Australian police have set yet another record with the latest drug bust: ice with an estimated value of $900 million has been seized. But what does that mean? Is it proof that police are reducing illicit drugs in Australia, or simply an indication of the growing flood?
The mainstream media can’t resist the headlines. Take a look:
But the headlines mark another false step in the war on drugs, according to a response in The Conversation by Senior Lecturer in Criminology at Macquarie University, James Martin, and Senior Lecturer of Addiction at Edith Cowan University, Stephen Bright.
‘As several decades of failed war on drugs policing has demonstrated, provided there is strong consumer demand, and the capacity to produce drugs cheaply, reliably and profitably overseas, organised crime groups are likely to continue to fill any gaps in the supply chain that law enforcement interventions create.
Given the manifest inability of law enforcement to control the illicit drugs trade, it is worth questioning why so much emphasis is placed on law enforcement over other, more effective, evidence-based drug policies.’
They go on to say there’s an imbalance in Australia’s three-pillar approach to illicit drugs – supply reduction, demand reduction, and harm reduction – as highlighted in Australia21’s latest report on the issue.
Here’s how Martin and Bright put it:
AFP Assistant Commissioner Neil Gaughan, National Manager Organised Crime and Cyber, said police were best-placed to stem the supply of illicit drugs by targeting organised crime syndicates, but he added:
Victoria Police Assistant Commissioner Crime Command, Stephen Fontana, also recognised the need for a holistic approach – and went a step further.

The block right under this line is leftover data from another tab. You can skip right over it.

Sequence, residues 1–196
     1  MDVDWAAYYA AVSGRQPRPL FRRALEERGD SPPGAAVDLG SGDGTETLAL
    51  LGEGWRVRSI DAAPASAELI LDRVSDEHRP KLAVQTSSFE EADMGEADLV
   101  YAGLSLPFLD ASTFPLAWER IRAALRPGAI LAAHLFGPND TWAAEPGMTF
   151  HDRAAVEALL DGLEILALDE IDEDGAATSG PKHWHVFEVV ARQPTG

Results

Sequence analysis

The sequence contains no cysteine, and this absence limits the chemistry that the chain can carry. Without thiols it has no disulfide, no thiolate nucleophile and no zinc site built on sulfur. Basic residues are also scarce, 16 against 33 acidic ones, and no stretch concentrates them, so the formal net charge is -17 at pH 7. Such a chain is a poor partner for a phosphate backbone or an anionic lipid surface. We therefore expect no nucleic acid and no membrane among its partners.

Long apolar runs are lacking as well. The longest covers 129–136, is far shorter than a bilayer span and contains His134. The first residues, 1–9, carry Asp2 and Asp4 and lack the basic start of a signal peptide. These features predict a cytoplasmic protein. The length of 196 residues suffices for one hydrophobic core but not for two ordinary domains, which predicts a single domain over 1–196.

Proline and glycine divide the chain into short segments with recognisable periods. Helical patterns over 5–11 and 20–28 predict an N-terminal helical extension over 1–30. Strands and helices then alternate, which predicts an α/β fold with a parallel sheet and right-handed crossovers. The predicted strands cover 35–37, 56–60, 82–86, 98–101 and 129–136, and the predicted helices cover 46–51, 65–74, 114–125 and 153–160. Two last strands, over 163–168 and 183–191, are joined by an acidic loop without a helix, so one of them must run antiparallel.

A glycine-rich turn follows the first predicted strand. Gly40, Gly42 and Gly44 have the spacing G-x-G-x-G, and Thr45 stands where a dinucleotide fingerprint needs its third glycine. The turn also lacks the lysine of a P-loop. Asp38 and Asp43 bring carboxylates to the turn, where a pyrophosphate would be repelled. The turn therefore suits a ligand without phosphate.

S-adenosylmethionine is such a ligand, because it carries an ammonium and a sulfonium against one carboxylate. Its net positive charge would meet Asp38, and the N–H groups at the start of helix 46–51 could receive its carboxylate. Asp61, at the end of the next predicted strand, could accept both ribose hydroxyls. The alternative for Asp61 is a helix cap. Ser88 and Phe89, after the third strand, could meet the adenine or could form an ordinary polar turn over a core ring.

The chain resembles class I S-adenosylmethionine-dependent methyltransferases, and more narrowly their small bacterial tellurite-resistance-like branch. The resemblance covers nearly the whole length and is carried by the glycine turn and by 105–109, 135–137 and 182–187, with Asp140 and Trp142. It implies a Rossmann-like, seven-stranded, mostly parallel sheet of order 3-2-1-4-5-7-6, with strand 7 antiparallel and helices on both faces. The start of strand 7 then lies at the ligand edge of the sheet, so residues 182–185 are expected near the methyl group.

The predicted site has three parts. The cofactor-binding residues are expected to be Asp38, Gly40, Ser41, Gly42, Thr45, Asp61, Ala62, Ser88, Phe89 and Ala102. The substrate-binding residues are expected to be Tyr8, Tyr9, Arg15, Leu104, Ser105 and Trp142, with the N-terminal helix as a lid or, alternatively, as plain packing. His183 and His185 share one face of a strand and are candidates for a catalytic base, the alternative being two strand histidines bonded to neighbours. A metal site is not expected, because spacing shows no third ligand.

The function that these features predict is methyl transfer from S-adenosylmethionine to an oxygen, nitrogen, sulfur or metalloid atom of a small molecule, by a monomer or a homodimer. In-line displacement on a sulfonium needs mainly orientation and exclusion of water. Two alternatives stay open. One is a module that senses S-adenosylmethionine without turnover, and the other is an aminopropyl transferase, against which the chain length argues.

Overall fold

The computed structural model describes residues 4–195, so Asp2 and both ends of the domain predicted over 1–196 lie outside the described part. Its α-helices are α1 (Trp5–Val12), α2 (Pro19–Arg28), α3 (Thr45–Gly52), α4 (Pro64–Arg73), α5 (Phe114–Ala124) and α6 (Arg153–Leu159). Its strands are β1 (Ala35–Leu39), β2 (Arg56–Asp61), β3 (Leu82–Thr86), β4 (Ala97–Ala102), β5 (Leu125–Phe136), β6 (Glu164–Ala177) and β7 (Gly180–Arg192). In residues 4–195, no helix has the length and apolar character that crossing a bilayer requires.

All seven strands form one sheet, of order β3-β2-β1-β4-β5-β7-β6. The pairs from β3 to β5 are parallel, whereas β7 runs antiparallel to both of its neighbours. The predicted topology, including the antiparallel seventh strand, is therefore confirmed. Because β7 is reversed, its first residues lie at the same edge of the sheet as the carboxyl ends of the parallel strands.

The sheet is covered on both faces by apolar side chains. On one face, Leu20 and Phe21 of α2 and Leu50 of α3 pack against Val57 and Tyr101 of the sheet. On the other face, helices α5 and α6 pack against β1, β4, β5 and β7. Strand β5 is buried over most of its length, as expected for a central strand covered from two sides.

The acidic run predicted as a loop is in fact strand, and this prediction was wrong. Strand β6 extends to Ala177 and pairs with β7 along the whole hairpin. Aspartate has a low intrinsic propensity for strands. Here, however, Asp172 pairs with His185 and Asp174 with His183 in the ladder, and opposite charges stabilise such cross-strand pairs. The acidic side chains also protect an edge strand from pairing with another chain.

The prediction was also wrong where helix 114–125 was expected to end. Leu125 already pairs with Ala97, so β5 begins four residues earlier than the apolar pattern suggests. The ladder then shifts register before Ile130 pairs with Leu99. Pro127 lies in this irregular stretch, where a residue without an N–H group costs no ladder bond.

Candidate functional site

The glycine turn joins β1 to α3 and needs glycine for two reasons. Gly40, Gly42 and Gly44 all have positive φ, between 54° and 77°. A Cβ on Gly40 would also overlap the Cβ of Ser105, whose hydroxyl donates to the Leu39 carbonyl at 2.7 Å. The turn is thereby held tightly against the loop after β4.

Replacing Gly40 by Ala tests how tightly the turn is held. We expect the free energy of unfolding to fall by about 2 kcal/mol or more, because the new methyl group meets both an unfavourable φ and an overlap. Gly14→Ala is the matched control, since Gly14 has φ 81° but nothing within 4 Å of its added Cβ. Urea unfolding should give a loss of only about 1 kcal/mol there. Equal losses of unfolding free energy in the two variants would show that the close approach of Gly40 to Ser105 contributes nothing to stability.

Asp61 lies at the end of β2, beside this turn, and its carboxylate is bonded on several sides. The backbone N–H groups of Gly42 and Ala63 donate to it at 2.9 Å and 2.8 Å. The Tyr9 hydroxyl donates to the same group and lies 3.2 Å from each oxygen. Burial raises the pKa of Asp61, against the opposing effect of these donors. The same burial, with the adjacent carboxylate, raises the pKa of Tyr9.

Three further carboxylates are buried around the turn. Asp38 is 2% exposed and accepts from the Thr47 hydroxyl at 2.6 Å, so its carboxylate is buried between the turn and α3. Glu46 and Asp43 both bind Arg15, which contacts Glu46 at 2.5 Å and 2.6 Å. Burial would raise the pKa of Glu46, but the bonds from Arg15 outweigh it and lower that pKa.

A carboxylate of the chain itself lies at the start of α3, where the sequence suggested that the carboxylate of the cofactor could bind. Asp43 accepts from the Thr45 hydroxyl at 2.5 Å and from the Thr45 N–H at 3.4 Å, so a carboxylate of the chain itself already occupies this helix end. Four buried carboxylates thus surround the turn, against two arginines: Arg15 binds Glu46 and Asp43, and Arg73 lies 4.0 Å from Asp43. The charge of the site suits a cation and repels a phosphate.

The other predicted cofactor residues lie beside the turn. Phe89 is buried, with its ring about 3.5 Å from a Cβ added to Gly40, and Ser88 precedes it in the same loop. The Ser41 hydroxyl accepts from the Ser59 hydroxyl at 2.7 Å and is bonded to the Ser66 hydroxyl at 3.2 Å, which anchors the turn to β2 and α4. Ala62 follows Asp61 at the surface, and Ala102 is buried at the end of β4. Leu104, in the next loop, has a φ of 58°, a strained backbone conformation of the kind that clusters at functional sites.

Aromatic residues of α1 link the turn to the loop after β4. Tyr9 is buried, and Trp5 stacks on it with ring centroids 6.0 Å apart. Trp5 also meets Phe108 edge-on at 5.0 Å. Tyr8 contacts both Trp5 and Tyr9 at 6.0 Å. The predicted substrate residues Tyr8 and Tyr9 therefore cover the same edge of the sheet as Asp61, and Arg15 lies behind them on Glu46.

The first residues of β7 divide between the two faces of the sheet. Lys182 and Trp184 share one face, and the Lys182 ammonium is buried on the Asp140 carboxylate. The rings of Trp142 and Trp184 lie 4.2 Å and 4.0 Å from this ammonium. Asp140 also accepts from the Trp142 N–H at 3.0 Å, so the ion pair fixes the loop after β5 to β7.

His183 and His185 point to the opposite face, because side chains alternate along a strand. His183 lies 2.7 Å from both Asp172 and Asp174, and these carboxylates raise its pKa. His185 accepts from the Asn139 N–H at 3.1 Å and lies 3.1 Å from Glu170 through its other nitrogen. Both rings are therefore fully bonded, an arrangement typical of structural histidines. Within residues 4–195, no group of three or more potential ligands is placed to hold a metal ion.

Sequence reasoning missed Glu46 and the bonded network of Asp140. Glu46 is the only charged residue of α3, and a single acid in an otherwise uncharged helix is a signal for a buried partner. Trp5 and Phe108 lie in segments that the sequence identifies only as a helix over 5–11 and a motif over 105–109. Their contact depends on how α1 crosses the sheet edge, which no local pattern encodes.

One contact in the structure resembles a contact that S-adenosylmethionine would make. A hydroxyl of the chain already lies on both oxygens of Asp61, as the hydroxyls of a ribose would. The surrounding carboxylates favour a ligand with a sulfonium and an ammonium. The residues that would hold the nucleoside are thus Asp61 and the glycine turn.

“As long as there is demand, there will be a market and we need to stop the cycle which affects the entire community.”
Public opinion is changing
It’s good to hear leading journalists questioning the impact of the record drug bust, as they did the next day on ABC Radio Sydney’s Drive program with Richard Glover.
In the Journo’s Forum, Richard Glover discussed the issue with Jessica Irvine who is a senior economics writer for Fairfax Media, John Lyons who is Associate Editor of Digital Content for The Australian and Stephen Long, a business and finance specialist with the ABC.
Jessica: It is a small percentage of what is coming into the country and one wonders if the money is not better spent in the areas treating people and helping people and outreach to people who have been affected and who have taken up the drug…
John: The war on drugs is not really working… Mick Palmer, the former head of the AFP and several other former judges et cetera said it a couple of weeks ago, that the current approach wasn’t working… Education is so important, like young kids these days have been educated about smoking… and things like drink driving… I say to my son, you never know – whatever the bikie decided to put into that pill is what’s going to go into your brain, it’s not like it’s a generic drug. And so you’re relying on some sleazebag in some factory or dungeon making this sort of crap and I did some stories for the Herald years ago and they were cutting the heroin with Ajax, with battery acid and people were just dying, falling over and dying…